Fort Assinniboine, a fort in Montana and within the military Department of Dakota, was built in 1879, in the aftermath of the Great Sioux War of 1876-77 and the disastrous defeat of U.S. Army forces led by General Custer at the Battle of Little Big Horn on June 25, 1876. The fort is located in Hill County six miles southwest of Havre (the county seat) on Highway 87. The fort gets its name from the Assinniboine people.
Fort Assinniboine was established primarily to ward off possible attacks by the Sioux, led by Chief Sitting Bull, from the Cypress Hills and by the Nez Perce, some of whom were also in Canada following the defeat and capture of Chief Joseph by the U.S. Army in the Battle of Bear Paw in 1877. However, no such attack or raid ever occurred.
The fort was located on a massive reserve and, at its peak, housed over 750 officers, enlisted men, and their families. With 104 buildings, the fort remains one of the largest ever built in the United States. Among the military officers stationed at the fort in the 1890s was John Pershing, who later achieved fame as the leader of the American Expeditionary Force in World War I.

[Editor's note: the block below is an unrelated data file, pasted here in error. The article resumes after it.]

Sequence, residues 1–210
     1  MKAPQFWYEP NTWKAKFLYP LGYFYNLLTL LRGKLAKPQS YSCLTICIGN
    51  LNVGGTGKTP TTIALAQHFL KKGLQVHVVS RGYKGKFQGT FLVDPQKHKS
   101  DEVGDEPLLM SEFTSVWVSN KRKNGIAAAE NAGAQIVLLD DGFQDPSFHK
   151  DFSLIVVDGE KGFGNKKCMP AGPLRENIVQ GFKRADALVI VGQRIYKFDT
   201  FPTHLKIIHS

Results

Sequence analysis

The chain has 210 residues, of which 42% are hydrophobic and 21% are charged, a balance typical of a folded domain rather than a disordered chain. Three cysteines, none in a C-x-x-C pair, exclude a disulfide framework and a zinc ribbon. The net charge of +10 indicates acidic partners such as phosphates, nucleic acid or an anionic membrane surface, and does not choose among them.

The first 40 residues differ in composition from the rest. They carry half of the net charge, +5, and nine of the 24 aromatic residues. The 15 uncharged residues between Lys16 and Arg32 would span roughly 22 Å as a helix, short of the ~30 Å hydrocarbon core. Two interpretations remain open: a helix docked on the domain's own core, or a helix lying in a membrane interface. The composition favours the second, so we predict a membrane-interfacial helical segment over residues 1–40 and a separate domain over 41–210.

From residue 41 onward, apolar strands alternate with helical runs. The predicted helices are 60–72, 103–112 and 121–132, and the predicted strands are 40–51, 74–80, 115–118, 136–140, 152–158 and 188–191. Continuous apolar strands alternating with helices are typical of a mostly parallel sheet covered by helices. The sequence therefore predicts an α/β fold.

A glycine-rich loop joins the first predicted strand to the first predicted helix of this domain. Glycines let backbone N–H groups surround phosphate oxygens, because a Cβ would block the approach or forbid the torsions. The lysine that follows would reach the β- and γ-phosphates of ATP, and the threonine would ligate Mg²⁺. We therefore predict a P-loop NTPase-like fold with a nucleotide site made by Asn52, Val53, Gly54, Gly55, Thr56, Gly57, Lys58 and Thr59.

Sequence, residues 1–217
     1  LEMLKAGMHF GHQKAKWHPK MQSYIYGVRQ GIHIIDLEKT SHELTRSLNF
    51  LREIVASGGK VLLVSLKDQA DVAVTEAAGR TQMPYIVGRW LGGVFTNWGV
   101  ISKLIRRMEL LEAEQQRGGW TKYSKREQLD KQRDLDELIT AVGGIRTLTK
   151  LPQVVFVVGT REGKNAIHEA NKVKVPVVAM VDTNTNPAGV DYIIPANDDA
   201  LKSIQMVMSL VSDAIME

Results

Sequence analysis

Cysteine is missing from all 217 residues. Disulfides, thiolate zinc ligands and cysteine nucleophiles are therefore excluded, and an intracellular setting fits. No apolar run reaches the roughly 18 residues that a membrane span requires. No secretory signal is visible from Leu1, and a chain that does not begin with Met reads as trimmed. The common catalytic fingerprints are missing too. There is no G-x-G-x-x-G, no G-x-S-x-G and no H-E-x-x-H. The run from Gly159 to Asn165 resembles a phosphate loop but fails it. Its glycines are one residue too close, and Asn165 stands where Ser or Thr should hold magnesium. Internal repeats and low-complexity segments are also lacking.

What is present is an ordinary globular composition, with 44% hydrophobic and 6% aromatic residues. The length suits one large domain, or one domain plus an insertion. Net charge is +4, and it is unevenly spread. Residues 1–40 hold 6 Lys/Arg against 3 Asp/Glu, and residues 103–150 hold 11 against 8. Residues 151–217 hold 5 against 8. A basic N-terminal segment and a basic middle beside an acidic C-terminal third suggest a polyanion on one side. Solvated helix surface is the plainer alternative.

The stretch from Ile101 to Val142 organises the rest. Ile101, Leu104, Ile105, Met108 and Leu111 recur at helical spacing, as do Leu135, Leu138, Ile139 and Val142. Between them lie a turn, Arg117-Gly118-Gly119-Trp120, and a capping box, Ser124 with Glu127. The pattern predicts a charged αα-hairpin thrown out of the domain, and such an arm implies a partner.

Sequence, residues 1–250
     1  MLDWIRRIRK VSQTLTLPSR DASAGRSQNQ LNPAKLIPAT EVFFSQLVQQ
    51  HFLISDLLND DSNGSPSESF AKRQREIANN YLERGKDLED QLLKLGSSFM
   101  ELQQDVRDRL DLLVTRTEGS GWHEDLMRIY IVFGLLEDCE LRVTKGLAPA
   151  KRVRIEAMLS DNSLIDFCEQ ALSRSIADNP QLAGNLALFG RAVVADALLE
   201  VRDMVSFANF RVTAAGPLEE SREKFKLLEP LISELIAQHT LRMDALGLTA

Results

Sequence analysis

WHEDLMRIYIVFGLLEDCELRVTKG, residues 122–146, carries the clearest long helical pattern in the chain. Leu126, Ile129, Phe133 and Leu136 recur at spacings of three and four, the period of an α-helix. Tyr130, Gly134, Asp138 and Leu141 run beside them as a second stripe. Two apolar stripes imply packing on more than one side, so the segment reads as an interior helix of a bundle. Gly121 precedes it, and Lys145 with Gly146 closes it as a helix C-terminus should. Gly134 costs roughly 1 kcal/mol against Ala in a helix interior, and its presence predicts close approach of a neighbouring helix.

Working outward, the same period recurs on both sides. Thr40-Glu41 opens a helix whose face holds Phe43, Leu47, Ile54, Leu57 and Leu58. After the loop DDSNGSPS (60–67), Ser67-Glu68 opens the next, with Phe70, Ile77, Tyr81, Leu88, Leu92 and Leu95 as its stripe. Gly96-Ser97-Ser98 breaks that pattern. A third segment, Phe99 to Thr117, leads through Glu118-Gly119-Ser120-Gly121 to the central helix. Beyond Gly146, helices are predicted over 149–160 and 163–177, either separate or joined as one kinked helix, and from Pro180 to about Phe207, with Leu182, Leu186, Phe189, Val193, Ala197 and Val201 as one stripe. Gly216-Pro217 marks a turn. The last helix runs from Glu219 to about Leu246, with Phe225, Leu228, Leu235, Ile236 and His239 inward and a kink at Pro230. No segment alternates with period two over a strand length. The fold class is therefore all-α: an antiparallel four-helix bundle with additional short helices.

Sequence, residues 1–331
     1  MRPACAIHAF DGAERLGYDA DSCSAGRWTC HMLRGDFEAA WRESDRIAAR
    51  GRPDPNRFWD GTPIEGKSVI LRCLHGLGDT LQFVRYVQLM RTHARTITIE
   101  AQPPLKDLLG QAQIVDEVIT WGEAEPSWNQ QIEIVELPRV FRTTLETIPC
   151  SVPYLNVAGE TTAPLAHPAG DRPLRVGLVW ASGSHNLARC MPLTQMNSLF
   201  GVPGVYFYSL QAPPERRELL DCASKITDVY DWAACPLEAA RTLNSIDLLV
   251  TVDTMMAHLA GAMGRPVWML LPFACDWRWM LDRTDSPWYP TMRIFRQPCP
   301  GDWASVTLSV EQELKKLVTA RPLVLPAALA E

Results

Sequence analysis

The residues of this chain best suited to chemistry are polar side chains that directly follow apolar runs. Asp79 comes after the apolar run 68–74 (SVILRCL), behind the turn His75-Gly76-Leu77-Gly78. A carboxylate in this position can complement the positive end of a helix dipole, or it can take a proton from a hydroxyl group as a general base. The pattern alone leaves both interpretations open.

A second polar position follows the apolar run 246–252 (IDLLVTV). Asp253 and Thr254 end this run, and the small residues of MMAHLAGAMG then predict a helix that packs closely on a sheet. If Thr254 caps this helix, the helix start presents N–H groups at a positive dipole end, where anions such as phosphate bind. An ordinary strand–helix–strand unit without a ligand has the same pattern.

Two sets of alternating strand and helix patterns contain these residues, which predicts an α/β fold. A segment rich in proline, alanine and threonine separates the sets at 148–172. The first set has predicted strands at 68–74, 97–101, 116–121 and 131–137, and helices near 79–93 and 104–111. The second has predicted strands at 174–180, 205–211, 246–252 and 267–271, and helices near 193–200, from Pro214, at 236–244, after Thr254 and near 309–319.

In 1916, a portion of Fort Assinniboine was ceded to the Rocky Boy Indian Reservation (home of the Chippewa Cree tribe).
Another portion of the reserve was ceded to Hill County to create Beaver Creek Park, the largest county park in the United States. Most of the buildings at the Fort were razed; a handful of surviving structures are now an agricultural extension station associated with Montana State University.
Category: Military - Historic